And that would be catastrophic because we will be faced with two decisions. Defend the Baltics as we are required by US law, because those are NATO countries and NATO is codified — defending NATO is codified into US law since it’s a ratified treaty — or ignore that and that’s the end of NATO. That’s the end of NATO. That’s the beginning of a European rearmament. And that European rearmament is not just against Russia, it could be against each other.
If you go read Bob Kagan’s Foreign Affairs essay from a few years ago — I think It’s called “The Second German Question” — that should cause concerns, as populism and nativism and nationalism and anti-trade sentiments and protectionism are on the rise. Reminds you of the 1930s. And, again to some extent of the [1950s?]. But they’re still in their ascendance and you don’t want Europe to rearm itself at a time that its politics is becoming less liberal. So, suddenly, you have Europe divided into half, and the nationalists and the liberals all arming against each other. And that’s catastrophe. That’s World War III for you.
Interviewer: What’s the best possible outcome given where we are today?
Shay: The best possible outcome, I think, would be if we impose domestic political pressure on Putin so that he’s weakened from within the Kremlin. This is not a likely scenario. But it is possible that if he starts confiscating the assets of his oligarchs and pressuring people in power ministries — that’s intelligence, defense, those with political influence over the Kremlin — that you might see a coup against Putin. Because after all, this is a mafia state.
This is a mafia regime. He’s the mafia boss. And like a mafia, loyalty stops when the cash flow stops, when you begin to confiscate their yards, seize their bank accounts, deport them back into Russia, not allow them to leave Russia for anywhere other than China, Iran, and North Korea — then calculations change for them. Suddenly, they become advocates for peace. And if Putin doesn’t listen, they might turn against him.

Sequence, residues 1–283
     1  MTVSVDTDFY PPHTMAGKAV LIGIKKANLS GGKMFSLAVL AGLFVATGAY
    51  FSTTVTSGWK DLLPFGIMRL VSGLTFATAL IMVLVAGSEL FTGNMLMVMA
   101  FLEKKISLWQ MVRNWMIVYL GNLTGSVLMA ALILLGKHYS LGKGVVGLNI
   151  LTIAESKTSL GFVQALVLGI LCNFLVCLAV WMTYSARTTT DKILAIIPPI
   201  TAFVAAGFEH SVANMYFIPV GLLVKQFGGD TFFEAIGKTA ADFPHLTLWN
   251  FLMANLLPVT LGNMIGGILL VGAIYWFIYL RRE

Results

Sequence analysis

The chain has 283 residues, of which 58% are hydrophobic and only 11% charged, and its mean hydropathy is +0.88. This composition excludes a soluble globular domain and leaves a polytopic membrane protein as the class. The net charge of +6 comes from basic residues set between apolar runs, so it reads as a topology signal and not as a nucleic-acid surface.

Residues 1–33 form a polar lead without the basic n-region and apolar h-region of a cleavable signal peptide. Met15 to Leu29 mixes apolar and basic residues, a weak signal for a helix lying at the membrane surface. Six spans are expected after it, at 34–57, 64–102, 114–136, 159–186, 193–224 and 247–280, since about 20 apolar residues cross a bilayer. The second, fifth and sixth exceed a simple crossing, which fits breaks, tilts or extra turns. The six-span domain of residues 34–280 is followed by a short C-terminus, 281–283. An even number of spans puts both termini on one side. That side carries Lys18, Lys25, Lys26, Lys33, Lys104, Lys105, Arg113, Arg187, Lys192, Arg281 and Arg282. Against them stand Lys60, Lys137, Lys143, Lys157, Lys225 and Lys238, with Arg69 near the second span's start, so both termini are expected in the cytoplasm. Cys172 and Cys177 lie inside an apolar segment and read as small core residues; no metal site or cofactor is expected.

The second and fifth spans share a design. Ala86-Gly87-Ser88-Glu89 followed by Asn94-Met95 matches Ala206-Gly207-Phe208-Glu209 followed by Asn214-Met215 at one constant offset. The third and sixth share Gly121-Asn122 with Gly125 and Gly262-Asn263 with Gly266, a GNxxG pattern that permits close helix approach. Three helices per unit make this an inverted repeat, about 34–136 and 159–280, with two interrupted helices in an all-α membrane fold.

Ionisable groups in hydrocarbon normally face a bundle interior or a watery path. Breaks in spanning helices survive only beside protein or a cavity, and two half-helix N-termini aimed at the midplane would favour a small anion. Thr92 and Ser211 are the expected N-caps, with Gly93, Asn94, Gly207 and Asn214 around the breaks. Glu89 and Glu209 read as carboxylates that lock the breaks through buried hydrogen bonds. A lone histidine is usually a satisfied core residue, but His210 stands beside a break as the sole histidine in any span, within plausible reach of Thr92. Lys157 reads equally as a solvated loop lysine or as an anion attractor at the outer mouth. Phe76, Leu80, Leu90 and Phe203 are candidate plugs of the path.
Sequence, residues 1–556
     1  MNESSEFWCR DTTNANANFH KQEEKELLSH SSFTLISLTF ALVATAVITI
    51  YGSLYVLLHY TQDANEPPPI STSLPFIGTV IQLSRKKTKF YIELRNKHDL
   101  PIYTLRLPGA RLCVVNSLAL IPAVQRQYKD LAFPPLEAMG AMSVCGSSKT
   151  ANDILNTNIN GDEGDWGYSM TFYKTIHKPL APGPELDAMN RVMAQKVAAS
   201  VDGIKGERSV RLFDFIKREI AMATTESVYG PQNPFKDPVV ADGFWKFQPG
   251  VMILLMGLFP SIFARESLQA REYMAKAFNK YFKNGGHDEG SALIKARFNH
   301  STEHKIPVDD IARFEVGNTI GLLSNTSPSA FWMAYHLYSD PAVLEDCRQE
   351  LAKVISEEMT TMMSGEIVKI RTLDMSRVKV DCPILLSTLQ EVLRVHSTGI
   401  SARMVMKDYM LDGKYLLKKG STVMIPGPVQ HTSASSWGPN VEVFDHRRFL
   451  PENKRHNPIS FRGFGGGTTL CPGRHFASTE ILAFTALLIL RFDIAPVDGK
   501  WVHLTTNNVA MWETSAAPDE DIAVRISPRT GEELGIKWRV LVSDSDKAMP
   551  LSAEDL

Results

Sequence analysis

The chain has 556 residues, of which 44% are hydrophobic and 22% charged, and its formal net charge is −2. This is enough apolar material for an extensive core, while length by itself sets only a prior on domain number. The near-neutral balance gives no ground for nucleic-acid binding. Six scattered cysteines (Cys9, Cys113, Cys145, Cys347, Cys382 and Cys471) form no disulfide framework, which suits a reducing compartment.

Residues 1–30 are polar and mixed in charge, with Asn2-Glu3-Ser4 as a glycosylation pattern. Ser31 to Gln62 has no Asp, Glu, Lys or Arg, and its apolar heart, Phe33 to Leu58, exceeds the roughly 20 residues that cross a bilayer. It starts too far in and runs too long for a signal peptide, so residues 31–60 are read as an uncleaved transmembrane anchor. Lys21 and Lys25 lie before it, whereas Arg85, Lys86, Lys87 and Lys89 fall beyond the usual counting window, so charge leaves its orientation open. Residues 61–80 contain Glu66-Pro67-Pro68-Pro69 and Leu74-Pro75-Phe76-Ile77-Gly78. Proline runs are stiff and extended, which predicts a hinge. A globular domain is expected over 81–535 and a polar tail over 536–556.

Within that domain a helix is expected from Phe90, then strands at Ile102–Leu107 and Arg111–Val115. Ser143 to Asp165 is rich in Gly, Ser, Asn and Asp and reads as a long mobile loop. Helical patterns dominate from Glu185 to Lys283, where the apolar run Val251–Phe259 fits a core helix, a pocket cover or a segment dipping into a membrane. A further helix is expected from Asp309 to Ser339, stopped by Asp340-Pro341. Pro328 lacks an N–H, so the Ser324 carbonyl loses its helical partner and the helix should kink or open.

Now, is Putin coup proof? I don’t know. He’s definitely tried to make himself so. But even if that’s true, that’s still some distraction from prosecuting the war successfully, if he’s also watching his back. Now, granted, even if you do all these things, I still wouldn’t bet the house that Putin would go down because of it tomorrow. The more likely scenario that we can do — and we should do all of these simultaneously, is to arm Ukraine to the teeth, to seriously consider a no-fly zone and blockade of Russian ship entry through the sea, and a ground blockade also into Ukraine.
We should consider those if we can implement them. That would be fantastic. Obviously, it’s very difficult and very risky. And make sure that Putin exhausts his resources in this war and make sure that he bleeds economically, he bleeds militarily. And again, you see that Russians were captured — Ukrainians are fighting for their lives — Russians who are captured are saying, “We don’t know why we are here. We were told to go there.” This is not a popular war inside Russia either.
So that has the added benefits once bodybags start returning and people see how many Russians — how many of their own compatriots are dying in this war they never asked for. They will turn against the war. And all of these are scenarios that are plausible and we should try all of them. Now, the risk of all these is if Putin keeps struggling in Ukraine and sees that this is a stalemate or it might end up in a loss for him, he might resort to the use of nuclear weapons in Ukraine to just pacify the country like we did in Japan.